Dark tea is fully oxidized like a black tea, and then fermented. Many in the tea field call the oxidation of black teas "fermentation," which is a fallacy. Fermented tea has (usually) been oxidized, then is either left ot its own devices to ferment naturally (called Sheng or Raw) or 'fast-fermented' with an existing bacterial culture (called Shu, Ripe, or Cooked).
The sheng dark teas tend to be more mellow and vegetal in flavor with earthy undertones, as they take significantly longer to ferment (typically seven years until it's ready to drink, many argue up to twenty years until it's "done"). The shu dark teas, on the other hand, come out much darker and richer due to their quicker fermentation, turning incredibly dark and earthy much more quickly.
It was traditionally pressed into cakes for transportation, but we have it loose as well. It is one of the oldest types of tea in China with a rich history of over 1700 years that can be traced back to the Eastern Han Dynasty (25-220 AD).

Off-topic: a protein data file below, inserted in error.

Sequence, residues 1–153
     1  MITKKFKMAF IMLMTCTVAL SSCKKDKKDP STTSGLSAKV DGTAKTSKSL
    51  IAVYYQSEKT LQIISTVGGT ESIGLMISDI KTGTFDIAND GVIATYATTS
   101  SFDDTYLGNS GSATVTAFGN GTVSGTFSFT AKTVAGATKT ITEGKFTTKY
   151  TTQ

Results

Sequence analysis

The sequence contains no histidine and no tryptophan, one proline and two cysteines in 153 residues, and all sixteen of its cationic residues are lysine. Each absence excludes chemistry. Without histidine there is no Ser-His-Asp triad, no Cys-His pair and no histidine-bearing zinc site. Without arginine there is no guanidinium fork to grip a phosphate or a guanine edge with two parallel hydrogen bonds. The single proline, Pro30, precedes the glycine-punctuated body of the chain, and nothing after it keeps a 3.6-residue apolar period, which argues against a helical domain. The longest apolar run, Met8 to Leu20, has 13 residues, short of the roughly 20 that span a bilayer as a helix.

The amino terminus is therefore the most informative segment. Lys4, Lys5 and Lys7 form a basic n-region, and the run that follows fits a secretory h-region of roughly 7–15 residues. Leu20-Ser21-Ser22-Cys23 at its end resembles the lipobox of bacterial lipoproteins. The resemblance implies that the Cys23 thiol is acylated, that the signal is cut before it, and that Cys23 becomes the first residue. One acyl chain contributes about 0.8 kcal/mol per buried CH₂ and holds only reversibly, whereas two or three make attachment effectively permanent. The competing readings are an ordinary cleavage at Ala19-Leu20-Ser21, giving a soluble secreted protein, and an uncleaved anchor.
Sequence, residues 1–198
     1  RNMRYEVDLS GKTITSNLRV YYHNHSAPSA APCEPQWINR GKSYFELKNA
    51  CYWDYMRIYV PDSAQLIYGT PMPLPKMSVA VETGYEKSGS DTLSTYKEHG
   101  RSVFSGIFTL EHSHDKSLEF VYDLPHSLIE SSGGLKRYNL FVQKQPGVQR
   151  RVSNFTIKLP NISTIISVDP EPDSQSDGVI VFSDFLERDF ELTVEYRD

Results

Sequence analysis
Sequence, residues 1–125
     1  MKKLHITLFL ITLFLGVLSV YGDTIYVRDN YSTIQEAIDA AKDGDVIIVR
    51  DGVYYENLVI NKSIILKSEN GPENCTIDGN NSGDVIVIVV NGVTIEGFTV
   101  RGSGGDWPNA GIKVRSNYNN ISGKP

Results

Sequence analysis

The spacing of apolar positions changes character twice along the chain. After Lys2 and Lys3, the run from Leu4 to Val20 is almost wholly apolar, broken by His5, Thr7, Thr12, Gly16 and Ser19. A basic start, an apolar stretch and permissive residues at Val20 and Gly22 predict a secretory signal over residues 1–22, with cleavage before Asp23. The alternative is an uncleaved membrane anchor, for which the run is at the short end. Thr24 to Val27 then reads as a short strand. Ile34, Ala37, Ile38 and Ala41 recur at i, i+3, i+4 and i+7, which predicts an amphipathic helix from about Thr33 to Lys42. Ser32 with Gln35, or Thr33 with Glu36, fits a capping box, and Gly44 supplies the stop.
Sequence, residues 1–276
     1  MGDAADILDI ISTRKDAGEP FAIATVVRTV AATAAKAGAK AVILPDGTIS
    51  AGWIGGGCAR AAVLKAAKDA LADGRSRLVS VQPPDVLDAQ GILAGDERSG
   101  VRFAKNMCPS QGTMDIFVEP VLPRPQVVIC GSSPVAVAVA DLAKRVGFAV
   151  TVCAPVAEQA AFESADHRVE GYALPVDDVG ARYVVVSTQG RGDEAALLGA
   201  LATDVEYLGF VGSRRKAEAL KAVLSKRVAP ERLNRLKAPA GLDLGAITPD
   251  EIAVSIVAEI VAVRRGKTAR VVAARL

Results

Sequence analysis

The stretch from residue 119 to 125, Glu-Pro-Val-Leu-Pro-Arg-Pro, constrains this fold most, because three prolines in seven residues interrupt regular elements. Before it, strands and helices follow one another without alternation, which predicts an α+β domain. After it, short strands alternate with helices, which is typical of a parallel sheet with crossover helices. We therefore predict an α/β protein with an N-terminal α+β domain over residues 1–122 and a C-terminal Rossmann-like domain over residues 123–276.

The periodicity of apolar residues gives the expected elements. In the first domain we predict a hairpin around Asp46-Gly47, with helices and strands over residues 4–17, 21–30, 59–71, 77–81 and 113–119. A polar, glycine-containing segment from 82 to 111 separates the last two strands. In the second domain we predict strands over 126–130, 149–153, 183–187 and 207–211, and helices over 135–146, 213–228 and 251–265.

The most popular type of dark tea is called Pu-Erh, named for the mountains in Yunnan, China in which the style was perfected. The name pu-erh is only to be used for dark teas from the pu-erh mountains, but is commonly attached to any dark tea (much like champagne or tequila). Both of the varieties of dark tea we stock are shu pu-erhs (one loose, one brick), though we hope to not only stock sheng pu-erhs in the future, but dark teas from other sources as well.